The refugee camp we visited in Bethlehem was squeezed between oily garages and a busy road. The people living there had lost most of their things, and everything of their way of life: many had lived in rural areas before being forced out of their homes, and their status entitled them to free schooling and medical care. I had seen refugee camps before – in the Sudan, in Malawi – but the difference here was that the residents were living in concrete blocks and no longer had any sense of what their status was in relation to their land. Many of the children played down by the wall, looking at graffiti by Banksy of children being hoisted skywards by balloons. Another mural showed people being transported over the wall by a giant escalator, figures disappearing into the blue sky that airily denoted freedom.
In the week that Israel celebrated its 60th anniversary I had come as one of the writers attending the first ever Palestine Festival of Literature. Thousands of people turned out: they wanted to believe that Palestine is not just a cause but also a culture and a country, a place not simply for stone-throwing but for ideas and for modernity. But everywhere we went the wall seemed a shadow, a heavy ornament of Israeli aggression and a horrible reminder to those of us who grew up to see the wall come down in Berlin and the end of apartheid in South Africa. Even in those infamous places, merely mentioning the problem did not invite hatred the way trying to say anything at all about Israel does. Discussion lacks traction in a land scarred from end to end with barriers to progress.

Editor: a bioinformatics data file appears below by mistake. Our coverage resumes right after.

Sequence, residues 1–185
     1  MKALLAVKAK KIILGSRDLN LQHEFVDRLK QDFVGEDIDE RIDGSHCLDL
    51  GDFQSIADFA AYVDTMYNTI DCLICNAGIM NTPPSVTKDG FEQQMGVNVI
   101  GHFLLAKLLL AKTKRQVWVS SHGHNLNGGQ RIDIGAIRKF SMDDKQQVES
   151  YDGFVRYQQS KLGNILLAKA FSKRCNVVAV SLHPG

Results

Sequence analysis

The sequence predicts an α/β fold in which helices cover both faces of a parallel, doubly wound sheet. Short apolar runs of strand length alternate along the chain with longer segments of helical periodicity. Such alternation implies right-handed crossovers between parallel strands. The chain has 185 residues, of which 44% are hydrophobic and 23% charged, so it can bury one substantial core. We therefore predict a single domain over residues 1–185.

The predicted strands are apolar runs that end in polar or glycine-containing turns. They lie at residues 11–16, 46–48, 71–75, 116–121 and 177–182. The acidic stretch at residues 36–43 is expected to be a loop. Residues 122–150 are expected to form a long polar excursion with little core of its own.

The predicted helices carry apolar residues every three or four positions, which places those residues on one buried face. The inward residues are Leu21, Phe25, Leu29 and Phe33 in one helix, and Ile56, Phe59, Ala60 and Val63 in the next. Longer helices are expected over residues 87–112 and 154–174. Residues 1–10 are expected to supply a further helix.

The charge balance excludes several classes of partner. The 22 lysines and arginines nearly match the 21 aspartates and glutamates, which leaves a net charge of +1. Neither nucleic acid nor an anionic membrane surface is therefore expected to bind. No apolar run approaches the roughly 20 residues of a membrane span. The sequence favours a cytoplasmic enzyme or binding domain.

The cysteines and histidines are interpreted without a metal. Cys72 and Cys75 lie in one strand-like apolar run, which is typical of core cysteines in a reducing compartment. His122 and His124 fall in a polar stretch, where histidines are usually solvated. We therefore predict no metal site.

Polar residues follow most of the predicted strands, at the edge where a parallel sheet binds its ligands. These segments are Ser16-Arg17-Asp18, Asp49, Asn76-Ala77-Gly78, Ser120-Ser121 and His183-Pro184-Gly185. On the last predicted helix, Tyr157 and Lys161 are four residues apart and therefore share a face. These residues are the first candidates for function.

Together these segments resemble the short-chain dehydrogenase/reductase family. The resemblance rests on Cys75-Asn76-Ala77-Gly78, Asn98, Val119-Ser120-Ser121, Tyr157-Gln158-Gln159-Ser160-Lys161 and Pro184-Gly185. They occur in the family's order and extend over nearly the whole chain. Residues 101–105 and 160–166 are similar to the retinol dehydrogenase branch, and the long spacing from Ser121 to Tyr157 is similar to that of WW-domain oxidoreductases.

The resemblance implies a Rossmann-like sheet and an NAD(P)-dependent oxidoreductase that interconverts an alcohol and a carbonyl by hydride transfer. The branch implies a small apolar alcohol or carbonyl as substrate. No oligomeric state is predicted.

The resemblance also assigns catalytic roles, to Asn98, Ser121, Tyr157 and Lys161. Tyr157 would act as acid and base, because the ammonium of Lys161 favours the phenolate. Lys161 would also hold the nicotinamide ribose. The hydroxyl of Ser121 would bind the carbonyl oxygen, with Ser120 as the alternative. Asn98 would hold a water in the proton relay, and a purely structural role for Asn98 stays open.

When we reached Hebron, we found a ghost town where no one would have blinked to see tumbleweed roll past the checkpoints that tell Palestinians whether they can walk on the left or the right of the street. On several occasions, settlers came jogging past; they were out for a run with the person at the front carrying an AK-47, and each jogger bearing the menacing grimace of Liberty Valance. Most of the shops in Hebron have been closed down and the general atmosphere is of a people being harassed, obscured, denied and cancelled. Broken masonry and piles of litter seem to line every street, as if a siege mentality expresses itself in a resistance to public orderliness. A net had been strung up over a dark alleyway leading from one checkpoint to another, and it was now filled with the international debris of big-brand fizzy drinks and sweets and chain stores. A Palestinian who lived nearby explained that they’d had to put the net up ‘because the Israelis who live up there were dropping things down on the heads of people passing.’
At Birzeit University – sign on the gate, ‘No Guns’ – the young women studying English wanted to talk about Foucault and George Eliot. Near the place where Yasir Arafat is buried, graffiti on the wall says, ‘ctrl+alt+delete’, the command you key in when your computer freezes. And that is the feeling one gets in Ramallah, the feeling of a system that is paralysed and awaiting radical action. There are many newly built houses and much evidence of life going on – water machines piled up by the road, old Amstrad computers awaiting salvage, trash cans overflowing – but at the centre of it all the people, especially the young people, are busy outpacing the terms of their detention. The students later stood around under olive trees, their conversations moving between gossip and ideas about the development of a moral imagination. They seemed to agree that too much talk about one’s suffering is a kind of provincialism and more than anything wanted to see themselves as a generation that could inhabit the world.